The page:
Welcome to the optimized website.
I refactored and optimized the whole website to get a better user experience.
The performance of this site on your mobile phone will be excellent even on a 2G low-end phone.
Excerpt: “Wer aufhört, besser zu werden, hat aufgehört, gut zu sein.” (Philip Rosenthal)
The following table shows the timings, sizes and number of requests for the entry page ANDREAS SCHNIERTSHAUER PHOTOGRAPHY
I added some other pages (see column Page) for comparison.
|Date||Page Load Time [s]||Page Size [KB]||Requests||Page|
|2020-05-21||faster than 1.0||smaller than 16||3|
MWP: median web page, see excerpt below.
90th: 90th percentile, see excerpt below.
hei, eif, str: are real websites that I visit nearly daily
I selected the websites ‘hei’, ‘eif’ and ‘str’ for comparison, because I access these sites nearly daily from my desktop computer and I was interested how they perform.
Excerpt: “For over 13 years we’ve been treating the mobile web as an afterthought, like a mere exception to desktop. But it’s time for this to change. The mobile web is now the web, and desktop is becoming the legacy one. … The mobile web has now been around long enough for there to be an entire generation of kids where this is the only internet they’ve ever known. And what kind of experience are we giving them? We’re essentially taking them back to the dial-up era.” (almanac.httparchive.org)
For those who didn’t know dial-up: In the beginning of the WWW the user had to dial a phone number with a acoustic coupler and later with a modem to get access to the internet, like in the movie ‘War Games’ or in the movie Whiz Kids - The Network. It was all very slow: 300 - 2400 bits per second, later 56 kbit/s equal to GPRS (General Packet Radio Service) in the beginning.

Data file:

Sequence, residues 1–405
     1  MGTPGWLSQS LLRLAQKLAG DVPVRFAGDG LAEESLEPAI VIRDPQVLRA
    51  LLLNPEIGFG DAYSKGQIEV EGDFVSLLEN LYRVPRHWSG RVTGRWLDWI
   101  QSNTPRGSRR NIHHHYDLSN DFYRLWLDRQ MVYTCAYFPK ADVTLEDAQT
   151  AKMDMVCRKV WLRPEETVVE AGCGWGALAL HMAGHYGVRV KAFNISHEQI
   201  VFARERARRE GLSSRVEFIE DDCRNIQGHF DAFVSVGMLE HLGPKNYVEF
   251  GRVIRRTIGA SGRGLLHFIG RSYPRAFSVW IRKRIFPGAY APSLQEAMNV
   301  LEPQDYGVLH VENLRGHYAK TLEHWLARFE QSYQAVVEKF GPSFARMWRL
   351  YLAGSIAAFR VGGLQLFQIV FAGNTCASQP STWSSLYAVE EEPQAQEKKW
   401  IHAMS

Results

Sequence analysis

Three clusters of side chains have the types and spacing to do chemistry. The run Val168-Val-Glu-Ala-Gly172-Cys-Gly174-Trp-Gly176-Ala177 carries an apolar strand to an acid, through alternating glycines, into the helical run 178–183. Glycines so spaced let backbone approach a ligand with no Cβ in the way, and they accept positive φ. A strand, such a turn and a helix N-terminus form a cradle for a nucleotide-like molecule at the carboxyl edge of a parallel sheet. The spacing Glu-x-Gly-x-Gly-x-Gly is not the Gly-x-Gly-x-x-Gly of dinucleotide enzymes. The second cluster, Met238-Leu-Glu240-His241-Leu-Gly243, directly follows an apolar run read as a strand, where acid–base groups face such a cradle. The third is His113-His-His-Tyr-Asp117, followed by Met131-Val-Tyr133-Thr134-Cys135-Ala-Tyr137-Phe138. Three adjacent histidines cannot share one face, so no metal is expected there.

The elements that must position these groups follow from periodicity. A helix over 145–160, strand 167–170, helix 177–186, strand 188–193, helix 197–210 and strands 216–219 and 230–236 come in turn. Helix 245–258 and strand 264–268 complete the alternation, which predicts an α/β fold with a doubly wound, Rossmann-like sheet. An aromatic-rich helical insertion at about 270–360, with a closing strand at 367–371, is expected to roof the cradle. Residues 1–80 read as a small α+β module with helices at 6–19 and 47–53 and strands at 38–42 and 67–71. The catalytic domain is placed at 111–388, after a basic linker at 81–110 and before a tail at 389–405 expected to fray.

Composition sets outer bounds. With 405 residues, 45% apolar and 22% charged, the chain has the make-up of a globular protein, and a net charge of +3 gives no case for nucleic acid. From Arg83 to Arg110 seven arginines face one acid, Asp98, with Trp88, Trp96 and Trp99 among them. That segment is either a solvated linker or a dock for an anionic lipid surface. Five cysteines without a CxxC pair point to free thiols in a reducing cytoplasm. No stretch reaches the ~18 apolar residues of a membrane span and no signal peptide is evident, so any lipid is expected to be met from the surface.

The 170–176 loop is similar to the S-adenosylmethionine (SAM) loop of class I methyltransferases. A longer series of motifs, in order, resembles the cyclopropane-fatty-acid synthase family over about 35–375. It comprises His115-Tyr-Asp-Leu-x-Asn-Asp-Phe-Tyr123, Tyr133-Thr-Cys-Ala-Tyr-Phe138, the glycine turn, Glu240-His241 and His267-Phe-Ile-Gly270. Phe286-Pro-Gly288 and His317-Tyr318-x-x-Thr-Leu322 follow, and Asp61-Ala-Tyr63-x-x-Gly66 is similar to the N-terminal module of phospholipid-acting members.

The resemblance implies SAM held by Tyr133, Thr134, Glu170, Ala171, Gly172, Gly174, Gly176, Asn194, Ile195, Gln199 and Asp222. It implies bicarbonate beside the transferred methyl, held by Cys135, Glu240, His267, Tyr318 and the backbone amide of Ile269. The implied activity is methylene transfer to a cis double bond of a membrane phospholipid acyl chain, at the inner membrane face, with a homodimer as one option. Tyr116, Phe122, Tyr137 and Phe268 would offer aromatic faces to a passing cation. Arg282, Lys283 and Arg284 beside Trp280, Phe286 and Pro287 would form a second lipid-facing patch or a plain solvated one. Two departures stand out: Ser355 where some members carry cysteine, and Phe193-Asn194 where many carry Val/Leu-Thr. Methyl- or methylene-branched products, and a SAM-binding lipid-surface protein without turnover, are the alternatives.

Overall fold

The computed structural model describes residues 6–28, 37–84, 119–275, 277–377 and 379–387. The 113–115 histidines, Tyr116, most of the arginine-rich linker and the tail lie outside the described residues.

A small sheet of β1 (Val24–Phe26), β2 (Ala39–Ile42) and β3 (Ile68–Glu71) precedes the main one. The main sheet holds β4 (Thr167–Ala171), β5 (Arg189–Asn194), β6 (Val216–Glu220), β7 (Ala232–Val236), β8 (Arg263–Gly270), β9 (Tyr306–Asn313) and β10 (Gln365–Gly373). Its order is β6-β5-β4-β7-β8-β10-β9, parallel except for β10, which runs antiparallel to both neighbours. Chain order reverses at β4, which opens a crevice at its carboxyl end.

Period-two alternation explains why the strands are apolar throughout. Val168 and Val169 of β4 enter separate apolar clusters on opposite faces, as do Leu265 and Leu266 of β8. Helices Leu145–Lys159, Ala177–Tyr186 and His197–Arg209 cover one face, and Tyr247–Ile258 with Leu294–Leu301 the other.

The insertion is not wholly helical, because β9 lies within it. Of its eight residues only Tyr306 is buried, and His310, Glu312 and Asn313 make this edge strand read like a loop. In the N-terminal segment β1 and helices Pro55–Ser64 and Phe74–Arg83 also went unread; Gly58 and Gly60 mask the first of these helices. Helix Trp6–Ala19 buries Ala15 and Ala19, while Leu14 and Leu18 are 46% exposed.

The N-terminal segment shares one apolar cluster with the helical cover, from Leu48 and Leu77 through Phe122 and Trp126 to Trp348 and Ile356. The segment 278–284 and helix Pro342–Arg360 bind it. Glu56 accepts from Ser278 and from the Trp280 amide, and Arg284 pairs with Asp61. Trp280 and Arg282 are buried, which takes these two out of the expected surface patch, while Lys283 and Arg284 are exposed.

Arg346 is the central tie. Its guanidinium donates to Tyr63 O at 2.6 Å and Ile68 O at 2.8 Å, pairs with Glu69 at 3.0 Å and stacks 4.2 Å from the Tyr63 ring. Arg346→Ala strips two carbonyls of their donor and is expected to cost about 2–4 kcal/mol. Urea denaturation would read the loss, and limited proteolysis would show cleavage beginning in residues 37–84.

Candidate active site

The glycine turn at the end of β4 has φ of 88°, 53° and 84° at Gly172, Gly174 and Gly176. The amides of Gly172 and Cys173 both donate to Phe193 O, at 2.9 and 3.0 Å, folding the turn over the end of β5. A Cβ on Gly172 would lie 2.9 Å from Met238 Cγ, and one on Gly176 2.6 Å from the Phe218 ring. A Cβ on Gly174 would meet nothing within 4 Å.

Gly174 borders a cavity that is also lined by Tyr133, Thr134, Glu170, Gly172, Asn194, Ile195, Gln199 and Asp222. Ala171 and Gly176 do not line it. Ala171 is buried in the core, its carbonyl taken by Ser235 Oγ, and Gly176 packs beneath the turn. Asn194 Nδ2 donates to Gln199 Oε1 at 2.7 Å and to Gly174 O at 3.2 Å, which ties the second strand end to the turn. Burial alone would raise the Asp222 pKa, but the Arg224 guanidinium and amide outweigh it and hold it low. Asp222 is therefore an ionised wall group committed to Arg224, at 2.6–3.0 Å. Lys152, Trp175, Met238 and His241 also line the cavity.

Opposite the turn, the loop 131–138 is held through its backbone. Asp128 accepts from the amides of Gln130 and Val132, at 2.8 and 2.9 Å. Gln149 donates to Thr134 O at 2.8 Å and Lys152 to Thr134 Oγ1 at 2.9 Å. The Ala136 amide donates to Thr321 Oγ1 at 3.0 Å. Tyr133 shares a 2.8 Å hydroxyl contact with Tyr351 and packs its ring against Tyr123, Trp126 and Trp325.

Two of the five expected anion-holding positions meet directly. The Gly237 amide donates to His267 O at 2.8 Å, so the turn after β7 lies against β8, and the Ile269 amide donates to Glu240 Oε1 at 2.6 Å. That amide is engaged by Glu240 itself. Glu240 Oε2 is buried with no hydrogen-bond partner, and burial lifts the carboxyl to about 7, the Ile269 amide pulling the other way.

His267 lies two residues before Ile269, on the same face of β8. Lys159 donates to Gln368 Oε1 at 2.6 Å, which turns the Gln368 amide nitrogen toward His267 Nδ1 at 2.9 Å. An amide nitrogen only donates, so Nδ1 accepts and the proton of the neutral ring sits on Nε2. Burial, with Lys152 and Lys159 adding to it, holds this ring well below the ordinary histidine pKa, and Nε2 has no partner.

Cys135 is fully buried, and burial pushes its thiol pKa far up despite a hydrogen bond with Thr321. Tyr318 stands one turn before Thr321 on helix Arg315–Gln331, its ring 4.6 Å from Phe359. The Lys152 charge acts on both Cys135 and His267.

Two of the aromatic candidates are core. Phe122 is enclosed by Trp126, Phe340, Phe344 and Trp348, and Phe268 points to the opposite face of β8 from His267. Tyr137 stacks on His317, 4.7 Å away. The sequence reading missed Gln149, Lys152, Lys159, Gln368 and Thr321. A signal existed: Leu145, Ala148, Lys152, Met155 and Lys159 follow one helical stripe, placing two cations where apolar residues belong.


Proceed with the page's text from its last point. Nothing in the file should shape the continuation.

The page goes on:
Excerpt: “The median web page is around 1900KB in size and contains 74 requests. That doesn’t sound too bad, right? … Looking at the 90th percentile exposes the unpleasant stuff. Roughly 10% of the pages we’re pushing at the unsuspecting public are in excess of 6 MB and contain 179 requests. This is, frankly, terrible. …” (almanac.httparchive.org)
As you can see in the table, ‘hei’ and ‘str’ are median webpages and ‘eif’ falls into the 90th percentile range.
Excerpt: “Users want and expect web experiences with content that is fast to load and smooth to interact with.” (developer.mozilla.org)
Excerpt: “WorldWideWeb - Summary The WWW project merges the techniques of information retrieval and hypertext to make an easy but powerful global information system. The project is based on the philosophy that much academic information should be freely available to anyone. It aims to allow information sharing within internationally dispersed teams, and the dissemination of information by support groups. Originally aimed at the High Energy Physics community, it has spread to other areas and attracted much interest in user support, resource discovery and collaborative work areas. …” (Tim BL, Tim Berners-Lee )
And now in the year 2020 we have little information packed into large fancy looking websites bloated with advertising and user tracking stuff.
And the best these sites need 3384 DOM elements and more on one page to display it - WoW - WTF.
This site tries to be different with the focus on minimalism, no external code and no advertisings at all - and most important no user tracking. The site tries to be as fast as possible and keep the page sizes and server requests as small as possible while presenting the information (mostly in form of photography) in a user-friendly manner.
Life Moves Pretty Fast. The World Wide Web should be Fast. This Page Loads Pretty Fast.
View the main page in the line-mode browser, the first readily accessible browser launched in 1991.